Supporting progression

Professional development can be an opportunity for people to feel challenged and satisfied in their career. Progression is also often associated with a higher earning potential, and the security and quality of life that can come with a higher salary. In a 2021 survey of employees from 133 companies, 59% cited lack of progression as a reason for leaving their previous job.

Some people with criminal records may face barriers in respect of progression in the workplace. Most often, this is a result of poor employer practice and stigma, not a reflection of someone’s ability to develop professionally. When this happens, workers and businesses are missing great opportunities for growth unnecessarily.

Why is this important?

What are the challenges for people with criminal records?

Progression in employment may be associated with new or higher levels of criminal record check. Progression can also involve additional responsibilities. For people with criminal records, this can be a deterrent to pursue promotion. This could be a result of:

  • Concern that an employer won’t consider them suitable for a more senior role due to their criminal record.
  • Fear that they will lose their existing job if unsuccessful for promotion due to a criminal record.
  • Concern that an employer might deduce ‘dishonesty’ for not having disclosed a criminal record earlier (even where they were not expected to).
  • Concern that new responsibilities may not be feasible with a criminal record. For example, where a more senior role involves international travel.
  • Progression could involve less job security. If an employee with a criminal record is worried about their chances on the labour market, they may prefer to stay put rather than risk having to job-hunt.

Contact to our helpline indicates that this can be a hidden problem; many of those who feel they can’t progress at work do not report their concerns. Employees either leave, or stay feeling stuck and silent. The stigma associated with a criminal record can mean that people do not feel empowered to ask for help when they face barriers to progression.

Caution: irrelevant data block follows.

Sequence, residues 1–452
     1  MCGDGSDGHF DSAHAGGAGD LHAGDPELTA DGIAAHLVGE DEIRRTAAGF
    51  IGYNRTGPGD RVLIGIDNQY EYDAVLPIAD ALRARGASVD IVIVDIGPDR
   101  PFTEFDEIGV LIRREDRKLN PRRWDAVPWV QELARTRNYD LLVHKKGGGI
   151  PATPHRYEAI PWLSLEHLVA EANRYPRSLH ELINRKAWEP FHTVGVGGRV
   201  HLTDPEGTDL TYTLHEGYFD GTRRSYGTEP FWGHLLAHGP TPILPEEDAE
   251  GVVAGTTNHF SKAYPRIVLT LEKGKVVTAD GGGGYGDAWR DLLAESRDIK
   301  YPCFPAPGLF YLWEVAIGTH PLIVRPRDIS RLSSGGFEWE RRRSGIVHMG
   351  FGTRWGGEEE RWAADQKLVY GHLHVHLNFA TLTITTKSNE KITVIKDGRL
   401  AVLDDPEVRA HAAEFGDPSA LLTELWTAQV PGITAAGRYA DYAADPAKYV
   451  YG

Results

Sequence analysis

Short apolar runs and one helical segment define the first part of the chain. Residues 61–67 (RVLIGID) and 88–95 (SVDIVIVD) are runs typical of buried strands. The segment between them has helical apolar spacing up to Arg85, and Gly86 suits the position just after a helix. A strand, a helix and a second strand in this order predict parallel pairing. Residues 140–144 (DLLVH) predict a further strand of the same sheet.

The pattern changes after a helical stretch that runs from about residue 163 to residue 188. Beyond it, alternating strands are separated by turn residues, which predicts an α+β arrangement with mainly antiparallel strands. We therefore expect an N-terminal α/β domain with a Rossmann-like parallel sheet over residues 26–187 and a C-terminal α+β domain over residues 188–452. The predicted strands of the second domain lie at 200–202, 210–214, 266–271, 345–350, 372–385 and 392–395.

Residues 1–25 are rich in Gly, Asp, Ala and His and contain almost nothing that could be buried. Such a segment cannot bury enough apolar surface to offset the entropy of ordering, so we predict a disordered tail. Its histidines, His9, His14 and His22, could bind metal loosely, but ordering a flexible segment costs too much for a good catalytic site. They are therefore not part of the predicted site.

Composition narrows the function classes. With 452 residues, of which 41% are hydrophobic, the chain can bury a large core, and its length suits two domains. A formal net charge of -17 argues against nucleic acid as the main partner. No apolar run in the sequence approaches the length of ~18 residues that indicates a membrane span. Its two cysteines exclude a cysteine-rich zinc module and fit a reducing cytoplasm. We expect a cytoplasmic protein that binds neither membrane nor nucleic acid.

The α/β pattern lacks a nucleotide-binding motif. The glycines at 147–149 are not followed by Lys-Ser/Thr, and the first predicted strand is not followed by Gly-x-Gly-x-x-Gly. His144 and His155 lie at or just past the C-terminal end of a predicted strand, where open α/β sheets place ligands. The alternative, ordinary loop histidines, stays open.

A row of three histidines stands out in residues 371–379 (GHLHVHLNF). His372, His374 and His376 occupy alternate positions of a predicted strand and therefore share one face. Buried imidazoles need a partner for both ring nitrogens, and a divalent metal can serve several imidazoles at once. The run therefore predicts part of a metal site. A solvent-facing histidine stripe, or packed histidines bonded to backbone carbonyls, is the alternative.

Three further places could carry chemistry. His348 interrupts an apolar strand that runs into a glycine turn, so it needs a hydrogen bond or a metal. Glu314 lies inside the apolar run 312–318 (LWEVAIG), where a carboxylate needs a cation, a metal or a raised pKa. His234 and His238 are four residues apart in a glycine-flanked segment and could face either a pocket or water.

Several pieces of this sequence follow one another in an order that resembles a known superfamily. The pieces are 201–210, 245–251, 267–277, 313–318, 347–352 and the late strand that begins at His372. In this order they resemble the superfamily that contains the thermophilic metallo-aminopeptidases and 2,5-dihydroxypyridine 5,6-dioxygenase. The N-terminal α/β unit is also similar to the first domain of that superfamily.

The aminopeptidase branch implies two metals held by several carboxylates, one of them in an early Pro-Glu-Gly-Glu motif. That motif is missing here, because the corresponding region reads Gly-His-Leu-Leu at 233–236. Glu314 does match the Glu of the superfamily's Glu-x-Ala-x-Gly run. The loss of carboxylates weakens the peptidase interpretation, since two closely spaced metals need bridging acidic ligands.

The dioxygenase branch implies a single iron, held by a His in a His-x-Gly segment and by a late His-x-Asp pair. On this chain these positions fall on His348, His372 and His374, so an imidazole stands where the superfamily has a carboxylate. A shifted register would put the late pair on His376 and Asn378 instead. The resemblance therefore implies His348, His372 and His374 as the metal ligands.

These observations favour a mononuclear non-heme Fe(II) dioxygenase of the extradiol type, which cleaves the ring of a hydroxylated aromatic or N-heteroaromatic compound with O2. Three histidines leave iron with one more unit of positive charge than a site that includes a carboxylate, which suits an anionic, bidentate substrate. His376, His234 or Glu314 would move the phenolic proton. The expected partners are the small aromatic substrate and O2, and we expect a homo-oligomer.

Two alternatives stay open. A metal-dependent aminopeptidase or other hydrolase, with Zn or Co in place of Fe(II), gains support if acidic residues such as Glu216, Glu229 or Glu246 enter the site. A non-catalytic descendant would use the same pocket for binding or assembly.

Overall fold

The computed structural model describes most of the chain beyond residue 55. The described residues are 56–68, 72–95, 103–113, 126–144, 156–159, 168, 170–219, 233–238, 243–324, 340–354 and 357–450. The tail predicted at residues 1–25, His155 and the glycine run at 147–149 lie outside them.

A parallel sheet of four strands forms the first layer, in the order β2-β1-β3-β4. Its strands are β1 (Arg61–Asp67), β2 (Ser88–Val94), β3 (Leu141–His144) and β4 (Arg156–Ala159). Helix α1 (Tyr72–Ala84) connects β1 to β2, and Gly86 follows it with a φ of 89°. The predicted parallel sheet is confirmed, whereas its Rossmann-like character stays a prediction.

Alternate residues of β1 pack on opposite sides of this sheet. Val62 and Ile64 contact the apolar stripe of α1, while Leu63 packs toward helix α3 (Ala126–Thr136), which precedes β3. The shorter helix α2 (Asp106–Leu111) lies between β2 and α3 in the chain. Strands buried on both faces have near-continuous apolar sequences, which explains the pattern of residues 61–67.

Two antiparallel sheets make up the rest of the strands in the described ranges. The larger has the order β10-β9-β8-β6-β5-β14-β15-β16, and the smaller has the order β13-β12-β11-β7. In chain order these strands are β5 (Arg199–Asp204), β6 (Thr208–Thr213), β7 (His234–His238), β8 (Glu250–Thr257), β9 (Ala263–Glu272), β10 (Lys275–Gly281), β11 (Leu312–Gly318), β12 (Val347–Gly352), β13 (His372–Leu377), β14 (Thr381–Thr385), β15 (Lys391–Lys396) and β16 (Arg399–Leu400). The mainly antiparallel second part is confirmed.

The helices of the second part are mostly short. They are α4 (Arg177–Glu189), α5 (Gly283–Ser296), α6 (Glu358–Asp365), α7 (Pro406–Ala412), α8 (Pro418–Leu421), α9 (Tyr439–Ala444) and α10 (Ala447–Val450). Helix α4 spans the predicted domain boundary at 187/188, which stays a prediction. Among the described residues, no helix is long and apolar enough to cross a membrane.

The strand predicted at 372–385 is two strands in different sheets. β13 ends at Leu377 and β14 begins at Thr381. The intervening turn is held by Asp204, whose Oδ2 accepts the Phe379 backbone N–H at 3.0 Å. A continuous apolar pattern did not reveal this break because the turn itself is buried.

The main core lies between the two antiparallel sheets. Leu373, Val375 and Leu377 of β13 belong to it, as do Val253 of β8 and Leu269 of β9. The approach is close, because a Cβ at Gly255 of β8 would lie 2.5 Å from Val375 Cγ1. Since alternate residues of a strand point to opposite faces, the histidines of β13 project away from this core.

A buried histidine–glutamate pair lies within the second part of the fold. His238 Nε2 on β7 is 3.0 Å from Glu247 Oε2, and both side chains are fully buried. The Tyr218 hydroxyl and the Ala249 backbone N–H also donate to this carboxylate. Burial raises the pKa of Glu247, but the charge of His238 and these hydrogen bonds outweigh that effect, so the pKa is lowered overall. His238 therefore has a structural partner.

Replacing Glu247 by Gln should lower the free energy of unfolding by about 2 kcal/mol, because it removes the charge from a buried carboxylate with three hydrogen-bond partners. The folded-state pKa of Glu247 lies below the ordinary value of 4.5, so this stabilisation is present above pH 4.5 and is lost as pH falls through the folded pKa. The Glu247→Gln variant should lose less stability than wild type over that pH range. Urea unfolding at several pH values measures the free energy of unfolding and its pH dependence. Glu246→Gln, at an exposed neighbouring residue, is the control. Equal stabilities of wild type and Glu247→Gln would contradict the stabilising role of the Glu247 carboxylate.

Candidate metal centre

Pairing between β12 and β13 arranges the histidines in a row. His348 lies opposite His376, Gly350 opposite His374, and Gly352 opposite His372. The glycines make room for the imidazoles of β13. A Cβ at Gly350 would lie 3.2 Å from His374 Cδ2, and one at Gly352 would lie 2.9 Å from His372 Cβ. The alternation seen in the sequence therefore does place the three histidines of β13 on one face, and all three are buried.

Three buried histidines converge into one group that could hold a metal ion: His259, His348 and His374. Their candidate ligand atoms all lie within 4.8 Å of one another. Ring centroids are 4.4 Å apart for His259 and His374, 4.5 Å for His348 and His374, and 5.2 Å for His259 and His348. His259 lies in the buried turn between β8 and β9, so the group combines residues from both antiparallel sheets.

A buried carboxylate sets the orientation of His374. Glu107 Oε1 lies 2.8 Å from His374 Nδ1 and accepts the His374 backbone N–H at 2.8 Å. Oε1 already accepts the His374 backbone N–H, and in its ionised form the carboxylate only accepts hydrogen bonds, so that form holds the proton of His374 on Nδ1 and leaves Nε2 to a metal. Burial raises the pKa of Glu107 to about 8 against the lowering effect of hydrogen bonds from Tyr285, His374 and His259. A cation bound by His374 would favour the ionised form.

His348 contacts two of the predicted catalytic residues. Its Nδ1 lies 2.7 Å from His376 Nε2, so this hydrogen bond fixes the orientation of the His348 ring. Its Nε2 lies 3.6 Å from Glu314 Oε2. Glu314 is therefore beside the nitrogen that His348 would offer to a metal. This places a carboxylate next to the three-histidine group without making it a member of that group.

What can we do?

Offer Encouragement

Progression plans offer guidance for employees to identify how their career development can be supported in your organisation. For small organisations, where progression opportunities are limited, emphasis on skills development and training can be alternatives.

Establishing these systems will help you identify whether any staff members are not progressing as you might expect. It’s important to remember that this may be by choice, and therefore not a ‘problem’ to resolve. However, it may be indicative of internal barriers to professional development, including those relating to criminal records.

Give clear guidance

Review any existing progression plans for your employees and identify when and where a criminal record might be relevant, and where it won’t be. Employees may benefit from signposting to external sources of specialist criminal record advice (such as the Unlock or Nacro helplines).

Ensure that any policies or guides relating to criminal records are readily available internally. This allows existing staff to find out how you approach criminal records, without having to ask. If your external vacancies contain clear guidance about criminal records, ensure this is reflected in any internally-advertised vacancies. If any criminal record processes are different for external versus internal staff, make this clear. It’s important to highlight when criminal records information will not be requested as well as if/when it will.


Be prepared to receive disclosures from existing employees that you were not aware had criminal records. Do not assume this indicates dishonesty; said employee may either be in a post that did not require a criminal record check, or required a lower-level of criminal record check than the post they would like to progress to. It’s also possible that your organisation’s approach to criminal records has changed during their employment; you may not have requested criminal record information when they joined, even if you would do so now.

Reassure staff that criminal records (disclosed or not disclosed in accordance with your policies/the law) for more senior posts will not be used retrospectively to determine suitability for their existing role.

Employees may also have received a criminal record during their employment with you. Many organisations have policies that require employees notify them of any new criminal records, but many do not. If you do not have clear systems on this matter for existing staff, don’t assume someone intentionally hid this information.

You should also consider existing employment/ positive performance to be a mitigating factor in any criminal record risk assessments. If someone has worked for you for a period of time without concerns raised, this should be counted as evidence of reliability.

Peer roles or employability schemes

Some organisations offer roles specifically for people with criminal records or other kinds of lived experience. Someone recruited to a peer-delivery role may not want to continue to be identified as a person with lived experience as they move upwards in an organisation. Employees should be able to choose not to have their lived experience taken into account for a promotion, if they would not have to disclose it if applying externally.

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